Contributed by Marini & Associates, USA
Interests in some foreign accounts holding digital assets such as cryptocurrency would have to be disclosed to the Internal Revenue Service under a proposal put forth Monday by the U.S. Department of the Treasury.
The proposal outlined in Treasury's "Green Book" explanation of tax policies would impose a reporting mandate for foreign digital asset accounts under Internal Revenue Code Section 6038D(b).
The Mandate Would Apply To Taxpayers Who Have
More Than $50,000 In Cryptocurrency,
Financial Accounts And Other Assets Held Overseas.
The proposal would cover any account housing digital assets maintained by a foreign digital asset exchange or asset service provider, and Treasury would be permitted to issue regulations expanding the scope of the accounts, according to the Green Book. The proposal would be effective for returns that have to be filed starting in 2023.
Section 6038D, created by the Foreign Account Tax Compliance Act, already requires reporting from anyone holding an interest in at least one specified foreign financial asset with a total value of at least $50,000, according to the Green Book. Treasury said in the Green Book that mandating people to specifically report offshore holdings of accounts with digital assets, subject to big penalties if they don't, is vital to curbing potential use of digital assets for tax avoidance.
"Tax Compliance And Enforcement With Respect To
Digital Assets Is A Rapidly Growing Problem,"
Treasury Said In The Green Book.
The Green Book also calls for increased reporting from financial institutions and digital asset brokers for purposes of exchanging information with foreign governments. Some financial institutions would have to report the account balance for all accounts housed at U.S. offices and held by foreign individuals, according to the Green Book.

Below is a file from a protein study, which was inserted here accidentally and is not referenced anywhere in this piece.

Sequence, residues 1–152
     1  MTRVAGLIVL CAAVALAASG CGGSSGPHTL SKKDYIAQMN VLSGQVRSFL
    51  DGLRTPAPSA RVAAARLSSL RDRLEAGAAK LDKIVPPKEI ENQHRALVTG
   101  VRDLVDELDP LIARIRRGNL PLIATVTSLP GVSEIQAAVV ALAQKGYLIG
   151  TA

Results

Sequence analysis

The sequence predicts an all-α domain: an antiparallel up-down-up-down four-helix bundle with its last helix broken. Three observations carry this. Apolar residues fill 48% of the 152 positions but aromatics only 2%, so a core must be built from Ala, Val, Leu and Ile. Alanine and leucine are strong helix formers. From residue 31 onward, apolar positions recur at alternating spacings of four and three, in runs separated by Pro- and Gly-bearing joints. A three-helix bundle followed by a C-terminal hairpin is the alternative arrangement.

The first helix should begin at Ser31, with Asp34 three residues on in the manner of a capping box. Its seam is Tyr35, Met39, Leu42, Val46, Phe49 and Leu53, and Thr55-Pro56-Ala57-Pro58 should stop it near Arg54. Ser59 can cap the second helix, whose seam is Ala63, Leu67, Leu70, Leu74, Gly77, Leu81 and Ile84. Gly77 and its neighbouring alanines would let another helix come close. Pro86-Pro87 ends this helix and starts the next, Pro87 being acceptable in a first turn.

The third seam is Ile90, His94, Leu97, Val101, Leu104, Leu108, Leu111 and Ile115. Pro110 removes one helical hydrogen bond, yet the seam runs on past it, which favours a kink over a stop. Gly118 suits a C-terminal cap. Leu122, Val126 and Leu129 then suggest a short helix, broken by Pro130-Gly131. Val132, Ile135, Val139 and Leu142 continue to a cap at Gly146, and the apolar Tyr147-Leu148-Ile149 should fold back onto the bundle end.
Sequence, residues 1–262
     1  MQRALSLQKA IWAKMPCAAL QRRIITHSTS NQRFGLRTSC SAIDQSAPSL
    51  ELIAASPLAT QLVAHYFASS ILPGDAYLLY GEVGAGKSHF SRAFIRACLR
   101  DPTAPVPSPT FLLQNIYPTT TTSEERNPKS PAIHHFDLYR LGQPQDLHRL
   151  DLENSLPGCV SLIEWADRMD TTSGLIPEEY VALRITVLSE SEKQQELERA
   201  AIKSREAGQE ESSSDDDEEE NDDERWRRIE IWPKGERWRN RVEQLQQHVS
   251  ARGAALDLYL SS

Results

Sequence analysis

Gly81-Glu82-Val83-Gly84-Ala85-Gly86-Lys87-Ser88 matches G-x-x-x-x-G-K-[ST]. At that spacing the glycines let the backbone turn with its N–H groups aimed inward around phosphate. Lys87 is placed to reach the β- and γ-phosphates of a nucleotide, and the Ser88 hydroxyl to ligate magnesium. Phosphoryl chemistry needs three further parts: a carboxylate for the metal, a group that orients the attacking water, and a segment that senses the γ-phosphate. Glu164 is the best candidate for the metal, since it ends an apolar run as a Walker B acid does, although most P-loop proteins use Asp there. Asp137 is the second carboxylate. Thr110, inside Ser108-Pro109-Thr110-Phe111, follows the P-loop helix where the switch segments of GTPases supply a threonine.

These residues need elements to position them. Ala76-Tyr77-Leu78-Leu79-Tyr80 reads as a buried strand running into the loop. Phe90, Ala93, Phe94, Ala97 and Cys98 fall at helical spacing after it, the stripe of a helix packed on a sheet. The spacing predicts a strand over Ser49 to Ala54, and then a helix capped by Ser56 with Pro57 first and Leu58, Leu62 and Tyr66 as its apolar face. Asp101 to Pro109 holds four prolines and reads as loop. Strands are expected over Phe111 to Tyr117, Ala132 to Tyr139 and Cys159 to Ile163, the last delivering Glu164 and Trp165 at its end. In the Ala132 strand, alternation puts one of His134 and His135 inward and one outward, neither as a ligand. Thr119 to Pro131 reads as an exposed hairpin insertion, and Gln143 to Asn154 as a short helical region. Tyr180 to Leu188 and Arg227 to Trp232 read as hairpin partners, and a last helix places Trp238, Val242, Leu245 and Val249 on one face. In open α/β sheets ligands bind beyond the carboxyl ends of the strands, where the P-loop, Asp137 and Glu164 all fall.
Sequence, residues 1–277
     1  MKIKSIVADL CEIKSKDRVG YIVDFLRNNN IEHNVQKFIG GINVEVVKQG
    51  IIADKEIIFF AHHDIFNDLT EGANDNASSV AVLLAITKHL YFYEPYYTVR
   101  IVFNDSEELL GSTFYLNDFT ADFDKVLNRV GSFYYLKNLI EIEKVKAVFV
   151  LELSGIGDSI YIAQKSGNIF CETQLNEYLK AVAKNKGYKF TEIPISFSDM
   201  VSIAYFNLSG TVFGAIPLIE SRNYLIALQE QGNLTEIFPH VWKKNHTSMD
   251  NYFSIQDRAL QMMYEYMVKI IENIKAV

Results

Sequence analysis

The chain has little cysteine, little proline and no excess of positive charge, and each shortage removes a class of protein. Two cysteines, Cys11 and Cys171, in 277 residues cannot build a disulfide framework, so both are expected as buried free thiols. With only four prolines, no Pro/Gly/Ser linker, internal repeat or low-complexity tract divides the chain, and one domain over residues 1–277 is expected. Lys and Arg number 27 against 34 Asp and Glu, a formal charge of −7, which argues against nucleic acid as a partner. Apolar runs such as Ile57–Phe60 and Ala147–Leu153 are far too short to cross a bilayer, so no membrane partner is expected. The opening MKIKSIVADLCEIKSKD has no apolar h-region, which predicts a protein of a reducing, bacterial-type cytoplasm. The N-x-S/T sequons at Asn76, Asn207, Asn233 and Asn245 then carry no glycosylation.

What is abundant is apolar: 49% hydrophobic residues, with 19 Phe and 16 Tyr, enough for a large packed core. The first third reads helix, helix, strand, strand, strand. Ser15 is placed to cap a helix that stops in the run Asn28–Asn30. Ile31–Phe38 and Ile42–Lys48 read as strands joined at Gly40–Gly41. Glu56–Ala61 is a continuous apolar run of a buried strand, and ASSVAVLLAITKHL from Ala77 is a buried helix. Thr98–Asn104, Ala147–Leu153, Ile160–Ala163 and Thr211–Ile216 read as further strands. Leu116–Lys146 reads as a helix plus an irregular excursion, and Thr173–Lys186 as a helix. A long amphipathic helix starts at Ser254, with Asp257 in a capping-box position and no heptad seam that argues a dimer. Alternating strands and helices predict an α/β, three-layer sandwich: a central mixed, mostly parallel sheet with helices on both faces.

Furthermore, if adopted and combined with existing law, the proposal would force brokers to report gross proceeds and other required details regarding sales of digital assets with respect to customers and substantial foreign owners in the case of some passive entities, the Green Book said.
That proposal would allow for the automatic exchange of information with other countries and provide Treasury with details on U.S. taxpayers who directly or through passive entities engage in digital asset transactions outside the country, according to the Green Book.
Treasury also wants to allow actively traded digital assets and derivatives or hedges of them to be marked to market if dealers or traders elect to under rules similar to those applying to actively traded commodities, the Green Book said.
The Green Book was released the same day President Joe Biden's administration released its budget proposal, which calls for raising the corporate tax rate to 28% and imposing a minimum tax rate of 20% on taxpayers whose incomes top $100 million.
The digital assets proposals in the Green Book together would raise about $11 billion, according to Treasury. In total, the Biden administration's budget is proposing $2.5 trillion in revenue increases.